The number of Australians living in the "liver danger zone" - those over 40 with untreated hepatitis B or C - could fill a regional city.

Latest statistics show there are 250,000 such Australians and they are on the cusp of life-threatening liver damage.

"We dub this the `liver danger zone` - where middle age accelerates the impact of viral hepatitis on the liver," says Professor Greg Dore from Sydney's Kirby Institute.

"This analysis reveals that more people are living in the liver danger zone than we have in a city like Hobart.

India Has Second Highest Number of HBV Infected People

India has over 40 million Hepatitis B infected patients, second only to China, and most people with chronic Hepatitis B or C are unaware of their infection, putting them at serious risk of developing cirrhosis or liver cancer which are life threatening.

As India observes World Hepatitis Day tomorrow, the Institute of Liver and Biliary Sciences (ILBS) based in New Delhi today painted a grim picture on the prevalence of various forms of Hepatitis infections in the country and efforts to check it, saying the country's collective efforts in this field are "limited and painfully lagging behind".

Every year, nearly 600,000 patients die from HBV infection in the region but the government does not yet have national policies relating to screening and referral for Hepatitis B or Hepatitis C, it said.

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Saturday, July 26, 2014

The Public Health Popularity Contest: Why You've Never Heard of Hepatitis B

One thing that AIDS, malaria, and tuberculosis all have in common is their deadliness. AIDS killed 1.47 million people in 2010. But did you know that viral hepatitis (hepatitis B & C combined) killed 1.44 million that same year?

Monday is World Hepatitis Day
I walked into the first day of my internship ready to take on what I thought were the major public health crises of the world – malaria, AIDS, avian flu. Instead, my supervisor gave me a hefty stack of literature on hepatitis B. Sure, as a premed student I knew that hepatitis had something to do with the liver, but I was shocked to find out that hepatitis B was the most common serious liver infection in the world—one that chronically affects over 350 million people worldwide, including 1 in 12 Asian Americans—and I had never heard of it.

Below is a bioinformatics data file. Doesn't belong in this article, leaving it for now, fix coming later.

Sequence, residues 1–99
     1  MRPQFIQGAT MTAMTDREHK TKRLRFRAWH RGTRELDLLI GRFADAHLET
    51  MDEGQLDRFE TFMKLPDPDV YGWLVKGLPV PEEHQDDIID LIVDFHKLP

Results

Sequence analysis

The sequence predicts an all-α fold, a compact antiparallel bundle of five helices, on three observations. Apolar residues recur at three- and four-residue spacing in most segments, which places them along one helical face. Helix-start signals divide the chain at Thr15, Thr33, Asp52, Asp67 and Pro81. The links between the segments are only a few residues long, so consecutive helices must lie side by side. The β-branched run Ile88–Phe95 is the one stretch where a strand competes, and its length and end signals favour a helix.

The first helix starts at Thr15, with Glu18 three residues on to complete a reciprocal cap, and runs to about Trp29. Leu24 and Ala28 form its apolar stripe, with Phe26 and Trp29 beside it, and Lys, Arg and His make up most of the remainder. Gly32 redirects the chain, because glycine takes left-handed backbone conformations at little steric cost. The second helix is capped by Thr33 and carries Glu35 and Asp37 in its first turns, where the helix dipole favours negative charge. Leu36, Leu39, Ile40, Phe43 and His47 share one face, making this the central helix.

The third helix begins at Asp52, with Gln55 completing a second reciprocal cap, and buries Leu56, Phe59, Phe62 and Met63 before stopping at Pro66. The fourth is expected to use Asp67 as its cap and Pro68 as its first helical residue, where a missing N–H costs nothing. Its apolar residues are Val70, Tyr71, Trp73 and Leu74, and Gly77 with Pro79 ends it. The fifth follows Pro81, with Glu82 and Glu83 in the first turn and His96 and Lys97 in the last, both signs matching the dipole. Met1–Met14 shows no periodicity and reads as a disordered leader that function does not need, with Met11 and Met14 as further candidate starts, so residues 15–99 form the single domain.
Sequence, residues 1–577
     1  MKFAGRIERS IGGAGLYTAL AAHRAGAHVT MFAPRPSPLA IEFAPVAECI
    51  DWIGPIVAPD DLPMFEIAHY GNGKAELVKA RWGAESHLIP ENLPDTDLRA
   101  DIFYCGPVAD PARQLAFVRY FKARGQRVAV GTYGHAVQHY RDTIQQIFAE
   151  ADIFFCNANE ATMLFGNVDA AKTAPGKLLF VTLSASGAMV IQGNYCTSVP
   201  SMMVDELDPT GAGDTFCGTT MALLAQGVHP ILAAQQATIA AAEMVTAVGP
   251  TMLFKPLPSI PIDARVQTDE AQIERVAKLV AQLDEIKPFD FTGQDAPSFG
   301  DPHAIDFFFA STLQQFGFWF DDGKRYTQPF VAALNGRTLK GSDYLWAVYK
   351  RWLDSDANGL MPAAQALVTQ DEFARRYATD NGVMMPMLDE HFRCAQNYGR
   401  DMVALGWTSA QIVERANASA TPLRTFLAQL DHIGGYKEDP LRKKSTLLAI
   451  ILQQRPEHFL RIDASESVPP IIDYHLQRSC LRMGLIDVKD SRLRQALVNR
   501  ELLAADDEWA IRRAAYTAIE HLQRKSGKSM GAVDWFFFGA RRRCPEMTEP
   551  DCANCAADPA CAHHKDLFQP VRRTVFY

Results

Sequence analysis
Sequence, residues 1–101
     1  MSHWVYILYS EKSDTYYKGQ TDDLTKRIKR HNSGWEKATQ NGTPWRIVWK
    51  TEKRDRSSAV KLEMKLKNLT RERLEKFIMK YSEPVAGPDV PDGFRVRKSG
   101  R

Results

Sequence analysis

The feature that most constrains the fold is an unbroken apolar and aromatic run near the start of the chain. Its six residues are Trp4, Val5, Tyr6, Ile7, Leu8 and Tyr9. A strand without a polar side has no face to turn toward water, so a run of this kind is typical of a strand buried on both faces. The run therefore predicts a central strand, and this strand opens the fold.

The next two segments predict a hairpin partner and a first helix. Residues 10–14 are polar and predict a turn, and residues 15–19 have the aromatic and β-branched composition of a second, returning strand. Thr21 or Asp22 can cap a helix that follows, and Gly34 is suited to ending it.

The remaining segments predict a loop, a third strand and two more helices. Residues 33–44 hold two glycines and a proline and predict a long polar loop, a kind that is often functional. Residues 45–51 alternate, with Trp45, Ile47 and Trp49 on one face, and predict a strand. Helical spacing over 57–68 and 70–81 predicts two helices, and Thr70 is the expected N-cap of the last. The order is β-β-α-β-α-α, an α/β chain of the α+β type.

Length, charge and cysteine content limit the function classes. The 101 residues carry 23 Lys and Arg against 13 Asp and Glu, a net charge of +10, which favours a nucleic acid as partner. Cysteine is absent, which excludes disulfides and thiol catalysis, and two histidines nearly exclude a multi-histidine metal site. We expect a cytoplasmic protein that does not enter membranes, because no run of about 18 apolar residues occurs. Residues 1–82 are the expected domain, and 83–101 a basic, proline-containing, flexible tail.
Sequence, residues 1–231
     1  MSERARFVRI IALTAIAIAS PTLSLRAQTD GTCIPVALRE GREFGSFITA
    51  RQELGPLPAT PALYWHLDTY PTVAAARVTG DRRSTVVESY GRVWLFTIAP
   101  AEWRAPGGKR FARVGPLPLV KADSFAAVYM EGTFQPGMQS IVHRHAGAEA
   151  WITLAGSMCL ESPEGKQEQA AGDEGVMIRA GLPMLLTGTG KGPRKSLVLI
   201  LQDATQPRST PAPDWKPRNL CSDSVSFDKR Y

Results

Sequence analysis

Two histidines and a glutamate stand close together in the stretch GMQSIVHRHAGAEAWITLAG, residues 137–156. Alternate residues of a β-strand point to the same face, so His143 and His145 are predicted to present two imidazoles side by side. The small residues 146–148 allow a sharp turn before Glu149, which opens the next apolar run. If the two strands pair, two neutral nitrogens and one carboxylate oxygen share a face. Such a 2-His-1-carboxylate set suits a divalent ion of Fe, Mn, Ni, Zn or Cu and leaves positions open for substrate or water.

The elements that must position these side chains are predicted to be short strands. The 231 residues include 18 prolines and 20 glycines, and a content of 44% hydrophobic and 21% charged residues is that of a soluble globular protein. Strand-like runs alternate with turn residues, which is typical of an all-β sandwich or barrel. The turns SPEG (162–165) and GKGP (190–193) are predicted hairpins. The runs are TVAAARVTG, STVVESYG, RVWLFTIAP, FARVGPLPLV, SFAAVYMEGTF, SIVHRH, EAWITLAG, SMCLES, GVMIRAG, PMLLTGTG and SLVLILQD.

As a 21-year old Asian American who is passionate about global health, I felt cheated to only now discover that there is an infectious disease disproportionately affecting my community. Somebody should have told me about this! To then find out that it was completely vaccine-preventable – somebody should have told everyone about this!

About halfway through my internship, I found out that my grandfather died from viral hepatitis that he contracted through a blood transfusion. Suddenly the disease had a face, and it was a smiling man with wide rimmed glasses who used to sit me on his lap and feed me popcorn. It now feels like my duty to spread the word.

Read more....

Fake Hepatitis testing kits in Kenya drive in a painful twist, experts warn

According to Ruchika Kohli, a clinical pathologist based in Nairobi, many doctors and laboratories are seemingly unaware that most rapid tests used in Kenya to screen for Hepatitis B are not good enough to make an accurate diagnosis.

The medical laboratory expert, who works at Pathologists Lancet Kenya, says a lot of rapid test kits from manufacturers in the market have not been approved for Hepatitis, but HIV.
Dr Kohli says only a few selected rapid tests have shown adequate accuracy in terms of sensitivity and specificity to detect Hepatitis B virus infection, and only one of those is certified by the European Union while none has as yet been approved by the regulators in America. “This means the majority of rapid kits in use in Kenya and other countries have not been approved by regulatory authorities to test for Hepatitis B,” she said.

“Though rapid tests for Hepatitis B may be cheaper and technically less demanding and therefore more attractive to use, the fact that these tests have poor accuracy and remain unapproved by regulatory authorities means their use could be misleading and even deadly.”